Weak Manufacturing Demand Amid Trade War Leads to Layoffs: Caixin Survey
Growth in China’s manufacturing activity improved marginally in November, while muted demand amid the country’s trade war with the U.S. led to further layoffs, a Caixin survey showed Monday.
The Caixin China General Manufacturing Purchasing Managers’ Index (PMI), which gives a snapshot of operating conditions in the manufacturing sector, inched up to 50.2 in November, little changed from October’s 50.1 and just off a 16-month low of 50 in September.
The Caixin index, one of the first available monthly indicators showing China’s latest economic conditions, is closely watched by investors. A reading of 50 separates expansion from contraction. The higher above 50 the faster the expansion, while the further below 50 the greater the contraction.
“Overall, domestic demand across the manufacturing sector improved in November, while overseas demand was still subdued,” said Zhong Zhengsheng, director of macroeconomic analysis with consultancy CEBM Group, a subsidiary of Caixin Insight Group. “China’s economy was weak, but did not show significant signs of deterioration.”
“Relatively muted client demand and efforts to lower costs contributed to a further reduction in staff numbers,” the survey said.
Of the five subindexes that make up the PMI, the one for new orders continued to rise marginally in November, pointing to slightly improved demand, according to the survey. This “may be due to a recent raft of government policies aiming to support the private sector,” Zhong said.
Amid a combination of relatively subdued sales and restrictions on factory production that governments have imposed for environmental protection, the output subindex dropped to 50, marking its lowest level since June 2016.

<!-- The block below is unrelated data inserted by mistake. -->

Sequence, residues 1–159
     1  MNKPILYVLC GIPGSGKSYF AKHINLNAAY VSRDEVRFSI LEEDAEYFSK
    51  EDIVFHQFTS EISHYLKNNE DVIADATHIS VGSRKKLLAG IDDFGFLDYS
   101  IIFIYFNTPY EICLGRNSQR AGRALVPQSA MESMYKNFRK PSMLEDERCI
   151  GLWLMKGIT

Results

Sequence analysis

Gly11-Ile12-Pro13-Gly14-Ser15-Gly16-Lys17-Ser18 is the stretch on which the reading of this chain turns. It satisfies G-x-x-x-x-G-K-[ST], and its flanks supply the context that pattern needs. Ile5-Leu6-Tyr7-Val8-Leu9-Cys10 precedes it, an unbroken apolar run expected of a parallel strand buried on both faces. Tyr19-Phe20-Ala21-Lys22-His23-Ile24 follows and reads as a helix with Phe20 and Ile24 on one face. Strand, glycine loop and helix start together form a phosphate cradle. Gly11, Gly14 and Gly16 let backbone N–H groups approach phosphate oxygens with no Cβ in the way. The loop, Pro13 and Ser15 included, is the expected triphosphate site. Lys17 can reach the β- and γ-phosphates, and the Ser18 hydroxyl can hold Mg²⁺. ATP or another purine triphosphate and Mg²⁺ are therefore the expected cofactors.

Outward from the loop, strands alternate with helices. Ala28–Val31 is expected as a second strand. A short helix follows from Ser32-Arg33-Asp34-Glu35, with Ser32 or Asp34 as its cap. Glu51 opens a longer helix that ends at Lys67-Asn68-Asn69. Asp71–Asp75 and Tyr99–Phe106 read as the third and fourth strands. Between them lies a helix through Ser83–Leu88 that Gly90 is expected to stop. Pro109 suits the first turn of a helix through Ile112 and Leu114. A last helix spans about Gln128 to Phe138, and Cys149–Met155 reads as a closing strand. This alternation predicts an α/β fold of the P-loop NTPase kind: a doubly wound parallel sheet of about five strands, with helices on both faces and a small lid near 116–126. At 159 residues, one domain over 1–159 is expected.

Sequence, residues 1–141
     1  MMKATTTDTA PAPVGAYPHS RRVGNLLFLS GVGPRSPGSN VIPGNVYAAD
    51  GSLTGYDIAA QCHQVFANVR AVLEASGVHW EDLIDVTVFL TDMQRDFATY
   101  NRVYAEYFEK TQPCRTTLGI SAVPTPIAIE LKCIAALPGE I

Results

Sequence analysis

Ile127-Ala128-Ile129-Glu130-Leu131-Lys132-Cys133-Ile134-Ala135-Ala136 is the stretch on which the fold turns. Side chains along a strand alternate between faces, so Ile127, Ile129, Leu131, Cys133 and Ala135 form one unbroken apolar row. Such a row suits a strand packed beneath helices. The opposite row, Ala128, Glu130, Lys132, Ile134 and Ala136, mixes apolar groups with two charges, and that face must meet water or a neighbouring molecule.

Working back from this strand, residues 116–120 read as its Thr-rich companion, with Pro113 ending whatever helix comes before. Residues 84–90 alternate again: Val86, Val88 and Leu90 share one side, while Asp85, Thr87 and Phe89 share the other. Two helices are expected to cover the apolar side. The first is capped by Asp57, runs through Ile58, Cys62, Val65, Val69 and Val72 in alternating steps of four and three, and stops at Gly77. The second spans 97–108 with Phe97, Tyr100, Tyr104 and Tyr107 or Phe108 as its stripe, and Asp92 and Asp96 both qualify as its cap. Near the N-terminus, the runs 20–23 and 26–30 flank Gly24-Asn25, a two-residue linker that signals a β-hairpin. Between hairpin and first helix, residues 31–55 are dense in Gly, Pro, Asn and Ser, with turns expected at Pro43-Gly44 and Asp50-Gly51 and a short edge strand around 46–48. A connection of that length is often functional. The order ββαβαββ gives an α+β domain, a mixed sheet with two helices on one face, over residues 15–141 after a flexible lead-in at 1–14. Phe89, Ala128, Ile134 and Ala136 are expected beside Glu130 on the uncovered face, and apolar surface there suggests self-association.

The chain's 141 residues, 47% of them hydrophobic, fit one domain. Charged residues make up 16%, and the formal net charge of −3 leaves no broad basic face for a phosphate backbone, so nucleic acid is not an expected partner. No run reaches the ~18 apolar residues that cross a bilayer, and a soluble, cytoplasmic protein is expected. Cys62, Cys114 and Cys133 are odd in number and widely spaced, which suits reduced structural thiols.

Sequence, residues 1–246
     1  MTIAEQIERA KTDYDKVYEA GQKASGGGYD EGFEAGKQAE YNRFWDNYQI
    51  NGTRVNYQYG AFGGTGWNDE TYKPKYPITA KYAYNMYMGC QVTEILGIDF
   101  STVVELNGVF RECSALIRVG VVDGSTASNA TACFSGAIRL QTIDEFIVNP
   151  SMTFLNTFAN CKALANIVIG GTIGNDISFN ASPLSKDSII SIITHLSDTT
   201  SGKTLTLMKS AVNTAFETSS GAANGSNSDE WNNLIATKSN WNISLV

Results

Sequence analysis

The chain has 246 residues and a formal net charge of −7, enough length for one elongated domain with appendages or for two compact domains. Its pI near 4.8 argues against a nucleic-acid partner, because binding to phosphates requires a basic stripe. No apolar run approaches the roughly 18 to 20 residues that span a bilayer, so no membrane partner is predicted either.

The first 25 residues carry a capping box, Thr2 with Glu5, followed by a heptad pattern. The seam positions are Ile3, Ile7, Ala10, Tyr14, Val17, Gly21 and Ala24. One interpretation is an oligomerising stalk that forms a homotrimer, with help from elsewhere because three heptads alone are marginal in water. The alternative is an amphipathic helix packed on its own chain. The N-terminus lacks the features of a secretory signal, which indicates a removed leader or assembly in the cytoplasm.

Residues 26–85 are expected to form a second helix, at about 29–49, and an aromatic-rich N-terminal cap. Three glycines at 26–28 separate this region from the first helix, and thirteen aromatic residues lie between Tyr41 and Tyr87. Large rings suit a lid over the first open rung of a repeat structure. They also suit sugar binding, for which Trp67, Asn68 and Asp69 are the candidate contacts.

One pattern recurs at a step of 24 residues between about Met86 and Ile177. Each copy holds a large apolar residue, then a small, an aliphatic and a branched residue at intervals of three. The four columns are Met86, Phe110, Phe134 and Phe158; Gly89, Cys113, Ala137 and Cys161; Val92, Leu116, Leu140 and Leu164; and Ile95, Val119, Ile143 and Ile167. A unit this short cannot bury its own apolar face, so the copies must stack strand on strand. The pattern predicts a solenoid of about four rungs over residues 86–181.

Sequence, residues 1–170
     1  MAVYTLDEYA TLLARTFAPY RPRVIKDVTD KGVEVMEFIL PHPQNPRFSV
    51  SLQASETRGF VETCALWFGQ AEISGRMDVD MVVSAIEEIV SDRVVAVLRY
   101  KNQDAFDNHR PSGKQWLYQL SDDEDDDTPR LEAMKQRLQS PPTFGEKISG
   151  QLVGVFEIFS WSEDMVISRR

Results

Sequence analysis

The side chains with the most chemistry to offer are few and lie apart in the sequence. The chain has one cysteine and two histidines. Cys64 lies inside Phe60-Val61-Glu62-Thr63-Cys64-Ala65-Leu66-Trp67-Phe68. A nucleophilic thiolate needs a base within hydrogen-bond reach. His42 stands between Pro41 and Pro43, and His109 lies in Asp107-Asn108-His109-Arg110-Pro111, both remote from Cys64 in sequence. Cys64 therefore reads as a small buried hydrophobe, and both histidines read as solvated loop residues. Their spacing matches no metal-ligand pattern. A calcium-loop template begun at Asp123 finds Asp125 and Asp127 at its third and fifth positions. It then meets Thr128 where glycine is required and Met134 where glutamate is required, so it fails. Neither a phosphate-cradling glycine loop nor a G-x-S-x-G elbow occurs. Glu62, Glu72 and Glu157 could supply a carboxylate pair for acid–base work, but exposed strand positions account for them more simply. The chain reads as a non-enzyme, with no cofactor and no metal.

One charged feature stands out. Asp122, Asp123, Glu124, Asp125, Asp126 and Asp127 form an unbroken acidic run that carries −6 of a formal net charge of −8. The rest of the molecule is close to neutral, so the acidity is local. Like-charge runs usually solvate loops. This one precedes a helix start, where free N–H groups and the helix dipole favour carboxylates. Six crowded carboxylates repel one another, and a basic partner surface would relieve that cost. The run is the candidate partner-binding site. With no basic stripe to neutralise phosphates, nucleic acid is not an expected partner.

The gauges for output charges and input costs both dropped significantly. This was in line with the weakening domestic commodities market, Zhong said, adding that upward pressure on prices for industrial products eased somewhat. Notably, the prices that companies charged customers fell for the first time in 18 months as companies tried to attract new business.
Headwinds from the ongoing trade war with the U.S. continued to take a toll on new export orders, which contracted for the eighth straight month in November.
In a piece of good news on that front, China and the U.S. reached a temporary deal on the sidelines of the G-20 summit in Argentina over the weekend. The U.S. agreed that in January it will leave punitive tariffs on $200 billion worth of Chinese goods at 10%, and not raise the levy to a 25% it had previously threatened, according to a White House statement. China agreed to purchase a substantial amount of agricultural, energy, industrial and other products from the U.S. to reduce their trade imbalance, the statement said.
Since July, the U.S. has imposed additional tariffs on $250 billion worth of Chinese imports, with 10% tariffs on $200 billion and 25% on the remainder. Beijing has retaliated with new levies on $110 billion of imported U.S. goods. Overall, each side has imposed charges on half of its annual imports from the other.
Manufacturing accounts for 30% of China’s gross domestic product. The official manufacturing PMI, released by the National Bureau of Statistics on Friday, dipped to 50 in November from 50.2 in the month before.
Contact reporter Lin Jinbing (firstname.lastname@example.org) and Liu Jiefei (email@example.com)
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